Secret Confessions of a DM: Part 1

My trio of players did amazingly well finishing up their adventure Monday night, slaughtering not only all the kobolds and slaying the fearsome Black Dragon (wyrmling) to free the gypsy’s daughter.  Then the dragon’s mother (an Elder Black Dragon) came in and they did exactly what they were supposed to do.  They ran!  And they made it to the town Briggsfell I created for the lower levels of the campaign (I figure they’ll move on to Fallcrest or Hammerfast after 6-8th level) to collect their rewards.

However, next session I’m doing something I’ve never done before.  I hate to admit it, but even after running two long-term campaigns (one in 3rd Edition that lasted 16 months and one in 4e that lasted over 8 months) and countless one-shots and short campaigns, I have never once in my entire life run a pre-published module or adventure in D&D.  No Tomb of Horrors, no Keep on the Borderlands, no nothing.  Every single adventure I’ve run was something that I created myself.  I may have been inspired by an encounter or borrowed a map online, but everything I’ve used I’ve heavily modified personally.  But for the next session, I’m running an adventure called Storm Tower written by Chris Perkins and popularized in a beta version when played by Jerry Holkins and Mike Krahulik from Penny Arcade, Scott Kurtz from PvP, and Wil Wheaton from the 80s and early 90s on the second D&D Podcast series.

What’s causing me to do this?  The adventure seems very well crafted (even though Perkins states that he wasn’t happy with the linear nature) and it suits my sensibilities.  It also works well into some ideas I have for the campaign later on.  And frankly, it just looks like a lot of fun!  I’ll let you know how it goes, but I plan on doing just as much prep work for this as I would for an adventure I wrote myself just in terms of re-re-re-re-re-re-re-reading the adventure to make sure I’ve got everything covered.  If you’d like to run it yourself, pick up the Dungeon Magazine Annual hardcover book (please note I get no money from this, I just like the book) and check it out, or extrapolate for yourself from the enemies that Acquisitions Incorporated faced.  Just keep in mind that sample PDF in the link above will only give you the set-up and none of the actual information you’ll need.

So what’s taken me so long to try a pre-published adventure?  Because I’m very strange about the sorts of adventures I like to run.  Everything has to make sense to me.  Not just make sense, but make sense to me.  That may seem like an odd distinction, but what it means is that I have to be able to understand not only all of the traps, monsters, skill challenges, and everything else  involved but also why those things are there.  The adventure has to be interesting enough to me that I’ll want to read it over and over again because if I can’t, I’ll never know everything that’s going on in the adventure and then I won’t be able to adapt or improv as necessary so my players don’t feel railroaded.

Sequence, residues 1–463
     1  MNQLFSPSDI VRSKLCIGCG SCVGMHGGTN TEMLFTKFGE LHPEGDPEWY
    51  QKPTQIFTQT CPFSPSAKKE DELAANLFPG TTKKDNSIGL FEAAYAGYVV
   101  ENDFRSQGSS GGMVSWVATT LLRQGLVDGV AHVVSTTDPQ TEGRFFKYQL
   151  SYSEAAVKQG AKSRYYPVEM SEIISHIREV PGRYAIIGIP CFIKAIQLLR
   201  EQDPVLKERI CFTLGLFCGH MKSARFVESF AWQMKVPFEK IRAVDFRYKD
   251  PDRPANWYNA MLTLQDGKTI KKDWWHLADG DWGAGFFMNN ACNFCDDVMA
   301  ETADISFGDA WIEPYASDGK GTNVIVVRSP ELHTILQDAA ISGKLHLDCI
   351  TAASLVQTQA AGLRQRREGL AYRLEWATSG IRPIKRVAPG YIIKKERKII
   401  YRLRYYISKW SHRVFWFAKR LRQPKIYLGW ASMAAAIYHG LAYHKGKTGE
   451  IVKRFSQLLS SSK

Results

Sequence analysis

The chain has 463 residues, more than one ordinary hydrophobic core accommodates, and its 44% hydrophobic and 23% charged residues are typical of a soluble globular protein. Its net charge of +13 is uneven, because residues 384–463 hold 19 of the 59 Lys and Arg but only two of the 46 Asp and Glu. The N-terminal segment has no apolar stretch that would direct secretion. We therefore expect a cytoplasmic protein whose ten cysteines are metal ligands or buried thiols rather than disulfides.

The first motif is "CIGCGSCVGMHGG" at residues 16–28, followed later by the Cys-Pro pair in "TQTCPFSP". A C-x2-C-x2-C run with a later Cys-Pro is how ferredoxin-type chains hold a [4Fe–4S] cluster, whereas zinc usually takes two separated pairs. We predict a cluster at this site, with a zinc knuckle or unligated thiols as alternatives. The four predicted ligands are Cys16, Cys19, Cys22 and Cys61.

There have been others that have piqued my interest, but I’ve never had one that was both the appropriate level for my PCs that fit all the above requirements.  Now that I finally have one, I plan to run it.  So we’ll see what happens…and I’ll make sure to let you know how the experience differs after my group can get together again (busy weekend coming up with lots of birthdays).

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Published in: on February 24, 2011 at 7:42 AM  Comments (3)  
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3 CommentsLeave a comment

  1. Just found your blog linked from Reddit.

    I too mostly only ever run adventures I’ve written myself and I appreciate your idea that you only fully understand a module you yourself have written. When writing something, designing layout, placing traps, choosing enemies, etc. you have more ideas floating around in your head about purpose and history that could ever be written into a published module. Therefore you are prepared for almost any investigation by the party and can subtly hint at all sorts of background and environment.

    I am liking your blog so far and will keep reading. Good work!

    -A fellow DM and a new RPG blogger, LeGECK

    • Thanks. I started this a year ago as a writing experiment, figuring I could fill a niche with advice for new DMs, since this was around the time of the Robot Chicken D&D podcast and the D&D episode of Community giving the game a popularity boost amongst those who either never played or hadn’t played since high school. After I was a month in, I found several other blogs which were much better written, so the idea morphed into a general DMing advice. Then I had to move and my father had a heart attack and I had to help with his recovery and then I injured my back and I wasn’t running a game, so things sort of fell apart. But now that I’m settled in and my dad’s doing much better, I’m probably going to start writing again. Hope you stick around and enjoy it and, if you don’t, feel free to tell me precisely why I suck so I can get better :p

      • Sorry about your dad and your back!

        I always enjoy reading things from fellow DMs and was encouraged recently by my brother and redditors to create my own blog which I started yesterday.

        look forward to reading your new posts.


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